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Fishing with Kids by Beckie Gaskill

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First Published July 12, 2017

The love of fishing, for most anglers, started in childhood. Someone, usually an adult or maybe an older cousin or sibling, took an angler fishing at a young age. From there grew a love of the outdoors and a lifelong hobby. But bringing children fishing can bring about stress for some. Children are not merely small adults. Their needs are different and their thoughts more fleeting. It can take a bit to keep them engaged. But if anglers think of fishing with kids as an overall experience, rather than just a fishing trip, it can relieve the stress and make for a great day for everyone involved. Catching fish is great, of course, but there are many more memories to be made along the way when fishing with kids.

To fish from a boat or from shore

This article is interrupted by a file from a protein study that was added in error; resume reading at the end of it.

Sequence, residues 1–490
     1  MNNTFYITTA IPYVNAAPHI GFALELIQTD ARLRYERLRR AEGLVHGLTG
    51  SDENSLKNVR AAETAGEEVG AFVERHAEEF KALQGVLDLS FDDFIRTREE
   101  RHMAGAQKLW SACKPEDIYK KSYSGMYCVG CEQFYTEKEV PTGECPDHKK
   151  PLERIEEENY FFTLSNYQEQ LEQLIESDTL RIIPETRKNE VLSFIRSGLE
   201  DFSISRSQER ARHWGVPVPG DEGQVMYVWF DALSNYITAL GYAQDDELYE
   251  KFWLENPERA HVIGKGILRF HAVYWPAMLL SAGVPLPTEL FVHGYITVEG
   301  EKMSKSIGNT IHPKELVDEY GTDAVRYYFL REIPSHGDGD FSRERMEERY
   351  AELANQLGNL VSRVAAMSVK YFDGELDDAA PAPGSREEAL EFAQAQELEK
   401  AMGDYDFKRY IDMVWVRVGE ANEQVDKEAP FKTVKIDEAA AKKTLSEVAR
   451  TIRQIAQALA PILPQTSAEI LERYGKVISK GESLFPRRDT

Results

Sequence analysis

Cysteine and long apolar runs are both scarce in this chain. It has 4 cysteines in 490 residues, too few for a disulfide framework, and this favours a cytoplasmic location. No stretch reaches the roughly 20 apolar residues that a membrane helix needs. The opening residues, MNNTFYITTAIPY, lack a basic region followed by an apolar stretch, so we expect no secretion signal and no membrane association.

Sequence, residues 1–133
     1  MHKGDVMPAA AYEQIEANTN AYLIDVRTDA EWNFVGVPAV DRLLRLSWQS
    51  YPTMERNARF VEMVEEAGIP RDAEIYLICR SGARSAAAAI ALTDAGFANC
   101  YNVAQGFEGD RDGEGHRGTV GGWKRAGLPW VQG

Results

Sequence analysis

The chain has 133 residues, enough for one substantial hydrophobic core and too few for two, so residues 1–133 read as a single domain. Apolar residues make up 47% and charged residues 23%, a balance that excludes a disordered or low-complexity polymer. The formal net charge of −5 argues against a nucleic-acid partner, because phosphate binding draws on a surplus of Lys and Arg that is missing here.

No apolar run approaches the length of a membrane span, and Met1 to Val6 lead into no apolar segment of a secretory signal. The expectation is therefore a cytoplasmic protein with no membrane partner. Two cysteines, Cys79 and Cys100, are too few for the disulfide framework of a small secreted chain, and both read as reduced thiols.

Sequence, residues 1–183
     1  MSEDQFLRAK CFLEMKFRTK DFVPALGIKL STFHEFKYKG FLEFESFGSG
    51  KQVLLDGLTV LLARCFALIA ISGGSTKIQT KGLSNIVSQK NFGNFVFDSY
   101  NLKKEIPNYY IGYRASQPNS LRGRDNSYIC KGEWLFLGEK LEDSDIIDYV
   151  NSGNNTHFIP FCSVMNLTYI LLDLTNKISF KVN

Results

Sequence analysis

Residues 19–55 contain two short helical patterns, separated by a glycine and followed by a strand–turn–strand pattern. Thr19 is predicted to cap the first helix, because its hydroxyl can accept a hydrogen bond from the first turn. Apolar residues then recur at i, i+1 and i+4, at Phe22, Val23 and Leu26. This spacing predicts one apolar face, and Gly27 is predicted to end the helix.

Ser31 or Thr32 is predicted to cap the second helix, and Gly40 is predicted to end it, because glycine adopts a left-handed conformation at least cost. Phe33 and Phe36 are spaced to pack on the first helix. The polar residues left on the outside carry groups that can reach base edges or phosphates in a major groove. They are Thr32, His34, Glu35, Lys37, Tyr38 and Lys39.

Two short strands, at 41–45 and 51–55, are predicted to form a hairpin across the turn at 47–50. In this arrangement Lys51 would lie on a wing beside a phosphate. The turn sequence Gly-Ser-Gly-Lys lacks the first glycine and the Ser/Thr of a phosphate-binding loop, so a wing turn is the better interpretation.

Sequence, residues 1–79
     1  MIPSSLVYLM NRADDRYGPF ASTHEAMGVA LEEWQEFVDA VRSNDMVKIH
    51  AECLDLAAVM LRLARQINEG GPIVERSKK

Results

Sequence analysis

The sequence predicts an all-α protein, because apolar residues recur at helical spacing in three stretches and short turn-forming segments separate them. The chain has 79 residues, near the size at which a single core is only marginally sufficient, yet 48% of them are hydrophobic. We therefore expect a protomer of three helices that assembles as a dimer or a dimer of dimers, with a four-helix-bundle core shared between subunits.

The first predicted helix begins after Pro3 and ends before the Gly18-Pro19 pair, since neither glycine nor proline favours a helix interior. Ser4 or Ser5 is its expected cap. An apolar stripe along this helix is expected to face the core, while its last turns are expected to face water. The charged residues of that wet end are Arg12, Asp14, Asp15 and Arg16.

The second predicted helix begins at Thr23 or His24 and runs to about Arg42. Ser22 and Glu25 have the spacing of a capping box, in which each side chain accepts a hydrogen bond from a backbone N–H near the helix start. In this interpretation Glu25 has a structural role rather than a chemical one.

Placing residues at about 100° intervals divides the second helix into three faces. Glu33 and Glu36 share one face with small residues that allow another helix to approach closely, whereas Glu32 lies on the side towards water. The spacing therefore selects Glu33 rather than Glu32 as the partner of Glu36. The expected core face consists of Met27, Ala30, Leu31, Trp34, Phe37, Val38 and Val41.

The first decision for an angler to make is whether to fish from shore, or to get in the boat. Shore fishing is great for children because it does not keep them confined in one spot. They can explore and look around and investigate the world - something children do naturally anyway. Fishing from a boat can be fun, too, but it depends on the child, and the boat. On a pontoon boat, for instance, there is room to move around, stretch out on a seat or even the floor, maybe the dog can come along. However, in a smaller jon boat, quarters are a bit more cramped. Standing up and moving around is held to a minimum. The main idea is to take the child’s comfort zone into consideration. A seven-year-old who cannot sit still through a 10-minute hair cut will likely have a better experience fishing from shore where they can move around and explore other things while fishing. An older child who is more patient and can stay still for longer periods of time may do better in a smaller boat.